Exploring the Lost City of the Incas – Macchu Picchu, Peru, South America
As a self-proclaimed travel addict, I’m always looking to embark on the next crazy adventure. But with an irrational fear of commitment, a very
short attention span and extremely limited free time, I can never research or plan anything in advance. That’s why when I spontaneously signed up
to hike the Inca Trail in Peru two weeks, I wasn’t sure what to expect. All I knew about the country was that it boasted the world’s
longest mountain range, and that a Uruguayan rugby team crashed there in the 70’s, had to eat each other for survival (as depicted in in the film,
Whatever skewed expectations I may have had, they were far exceeded. As I watched our plane skim over the snowcapped Andes Mountains,
I knew this trip would be like nothing I’ve experienced before.
The countryside of Peru is absolutely astounding. The views are breathtaking – literally. At an altitude of up to 14,000 feet
above sea level, we often found ourselves short of breath. To combat altitude sickness, we had to chew cocoa leaves and hash – not
as fun as it sounds! At such a high elevation, the weather can also get pretty cold any time of year, especially at night. Luckily,
there are vendors selling fuzzy warm alpaca gear everywhere (and at a fraction of the prices you’d find in the States).
In order to acclimate to the altitude (read: party), we spent four nights in Cusco, the Southern Peruvian city that served as the capital of the Inca Empire
five centuries ago. For a place I had never heard of, Cusco had it all. Amidst ancient stone temples and natives tending llamas and
sporting traditional Andean dress, we found a ton of trendy cool restaurants and an awesome nightlife scene that doesn’t die down ‘til 6:00 AM on any given night of
The real fun started when we hit the trail. It’s hard to imagine four days of climbing mountains from dawn to dusk, in hot and cold
weather, through sunshine and rain, could be enjoyable, but it was, both physically and emotionally rewarding. Of course, there were times I couldn’t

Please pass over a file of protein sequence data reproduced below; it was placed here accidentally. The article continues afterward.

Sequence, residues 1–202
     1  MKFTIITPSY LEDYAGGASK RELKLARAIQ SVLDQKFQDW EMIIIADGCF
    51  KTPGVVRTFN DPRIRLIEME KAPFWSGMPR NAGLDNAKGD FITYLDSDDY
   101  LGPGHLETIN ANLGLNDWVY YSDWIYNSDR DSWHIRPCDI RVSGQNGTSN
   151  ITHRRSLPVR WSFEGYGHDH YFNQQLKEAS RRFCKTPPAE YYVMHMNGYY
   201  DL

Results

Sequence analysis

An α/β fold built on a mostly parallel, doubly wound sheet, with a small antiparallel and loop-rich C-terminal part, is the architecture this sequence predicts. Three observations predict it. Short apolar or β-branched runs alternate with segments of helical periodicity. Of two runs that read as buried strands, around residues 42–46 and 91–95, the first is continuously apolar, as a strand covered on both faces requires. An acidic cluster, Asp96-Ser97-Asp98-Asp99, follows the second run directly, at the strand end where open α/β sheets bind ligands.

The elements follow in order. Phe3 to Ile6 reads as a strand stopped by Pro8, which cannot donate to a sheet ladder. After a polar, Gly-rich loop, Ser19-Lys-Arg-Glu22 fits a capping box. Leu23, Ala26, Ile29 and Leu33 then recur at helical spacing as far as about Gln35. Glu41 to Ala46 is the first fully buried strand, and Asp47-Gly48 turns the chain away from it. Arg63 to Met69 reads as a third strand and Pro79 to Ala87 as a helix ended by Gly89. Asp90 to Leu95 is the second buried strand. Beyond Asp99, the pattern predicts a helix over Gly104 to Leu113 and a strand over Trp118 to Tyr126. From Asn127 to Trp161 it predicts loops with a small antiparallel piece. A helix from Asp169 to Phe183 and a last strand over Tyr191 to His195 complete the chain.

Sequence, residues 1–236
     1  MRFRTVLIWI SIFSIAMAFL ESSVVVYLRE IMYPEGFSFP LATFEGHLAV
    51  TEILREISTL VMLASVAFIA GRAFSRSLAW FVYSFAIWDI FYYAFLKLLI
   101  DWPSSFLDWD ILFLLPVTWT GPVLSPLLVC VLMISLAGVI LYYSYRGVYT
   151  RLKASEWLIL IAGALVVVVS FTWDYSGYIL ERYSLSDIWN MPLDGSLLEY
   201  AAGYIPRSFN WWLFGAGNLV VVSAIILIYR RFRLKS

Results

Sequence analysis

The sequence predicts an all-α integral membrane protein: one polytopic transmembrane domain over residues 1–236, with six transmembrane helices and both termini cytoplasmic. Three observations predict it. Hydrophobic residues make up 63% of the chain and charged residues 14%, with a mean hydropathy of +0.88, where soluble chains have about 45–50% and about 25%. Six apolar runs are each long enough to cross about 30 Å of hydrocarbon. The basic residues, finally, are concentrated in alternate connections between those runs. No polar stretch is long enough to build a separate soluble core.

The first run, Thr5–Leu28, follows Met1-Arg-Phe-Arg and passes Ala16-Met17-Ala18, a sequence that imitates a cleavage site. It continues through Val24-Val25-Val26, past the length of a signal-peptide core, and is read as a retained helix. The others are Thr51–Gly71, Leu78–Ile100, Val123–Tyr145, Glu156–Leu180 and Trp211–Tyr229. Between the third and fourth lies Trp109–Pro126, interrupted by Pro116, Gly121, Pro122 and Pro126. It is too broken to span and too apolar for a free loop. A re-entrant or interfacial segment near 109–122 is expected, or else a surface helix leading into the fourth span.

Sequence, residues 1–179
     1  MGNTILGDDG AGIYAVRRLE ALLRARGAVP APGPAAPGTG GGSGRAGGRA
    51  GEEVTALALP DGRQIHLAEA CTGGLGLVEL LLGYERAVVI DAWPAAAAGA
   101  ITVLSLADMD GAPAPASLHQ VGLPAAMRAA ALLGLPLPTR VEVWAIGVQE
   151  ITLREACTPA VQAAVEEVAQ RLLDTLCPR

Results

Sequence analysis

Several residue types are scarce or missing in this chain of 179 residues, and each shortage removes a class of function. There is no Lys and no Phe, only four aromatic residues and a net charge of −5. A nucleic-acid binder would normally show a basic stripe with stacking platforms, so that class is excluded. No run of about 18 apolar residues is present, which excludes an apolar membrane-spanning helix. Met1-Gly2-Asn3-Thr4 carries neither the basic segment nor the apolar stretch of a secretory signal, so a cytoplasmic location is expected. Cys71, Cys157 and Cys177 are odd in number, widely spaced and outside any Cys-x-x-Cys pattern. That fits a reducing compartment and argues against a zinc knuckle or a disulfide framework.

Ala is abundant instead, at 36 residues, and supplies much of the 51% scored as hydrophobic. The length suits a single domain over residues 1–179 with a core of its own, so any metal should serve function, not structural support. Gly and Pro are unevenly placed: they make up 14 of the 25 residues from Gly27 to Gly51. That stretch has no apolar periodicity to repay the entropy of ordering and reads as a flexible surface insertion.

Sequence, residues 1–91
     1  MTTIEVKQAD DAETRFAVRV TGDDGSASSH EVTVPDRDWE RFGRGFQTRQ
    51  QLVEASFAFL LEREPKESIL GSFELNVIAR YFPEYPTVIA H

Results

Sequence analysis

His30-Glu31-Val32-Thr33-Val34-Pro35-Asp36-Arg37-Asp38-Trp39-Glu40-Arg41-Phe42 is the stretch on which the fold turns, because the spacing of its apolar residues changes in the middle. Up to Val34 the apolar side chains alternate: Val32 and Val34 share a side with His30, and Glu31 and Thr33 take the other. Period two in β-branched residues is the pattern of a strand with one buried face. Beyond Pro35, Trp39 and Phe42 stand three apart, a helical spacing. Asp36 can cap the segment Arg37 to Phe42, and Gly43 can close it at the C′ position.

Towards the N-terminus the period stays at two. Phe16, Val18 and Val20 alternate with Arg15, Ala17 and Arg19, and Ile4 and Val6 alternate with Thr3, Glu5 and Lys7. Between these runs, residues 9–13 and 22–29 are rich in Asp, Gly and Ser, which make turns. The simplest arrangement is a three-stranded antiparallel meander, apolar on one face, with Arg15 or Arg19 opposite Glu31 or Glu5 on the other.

believe I was voluntarily putting myself through such agony, however (at the risk of sounding like a cheeseball), being in a completely novel territory and able to
spend time with friends, uninterrupted by cell phones and television and other daily distractions, made for some real bonding. (Plus, there’s nothing
quite like laughing from your gut when your prissy friend falls into a muddy ditch at 4:00 in the morning.)
In fact, the Incas regarded the trail as a spiritual journey. They would usually walk it barefoot throughout the night for two days straight. Although my thoughts focused more on the number of minutes left until lunch than the delicate balance in nature, being in such an ancient peaceful
setting really offered me a new perspective. As a Westerner (and as a New Yorker in particular), it’s strange to be in a place where no one hurries,
where instead, people live in mountainside shacks, tend to their livestock and sell Gatorade for a living. I felt lots of mixed emotions, but above
all, I felt privileged to have had the opportunity to leave my chaotic life behind for a short while and experience such a different world.
Just when we were sure we would die of exhaustion in this third-world country and that no one back home would ever find us, we arrived to the fascinating
Machu Picchu – one of the greatest marvels of South America, and the most visited tourist attraction in Peru.
Because the Incas did not possess a written language, not much factual information is known about Machu Picchu. It is believed to have served as,
among other things, a university, a country retreat town for Inca nobility, and a preparation place for women who were about to be married. (According
to our tour guide, there is also speculation that it was the site of sexual escapades between the Inca people and – that’s right – llamas). When the Spanish
conquered Peru and the Inca Empire in the 1500’s, they never found Machu Picchu. It was discovered in 1911 by American professor Hiram Bingham (who is
also notorious for robbing the place) and was designated a UNESCO World Heritage site in 1983.
We explored the ruins in awe for hours and absorbed all we could of the Pre-Columbian culture before finally heading home (actually,
before heading to Costa Rica, but that’ll be covered in my next account). What had started out as a haphazard last-minute trip ended up being a
phenomenal experience and one of the best decisions I’ve ever made. So grab some Powerbars (and personal hygiene products, and hit the
trail for an experience you’ll never forget.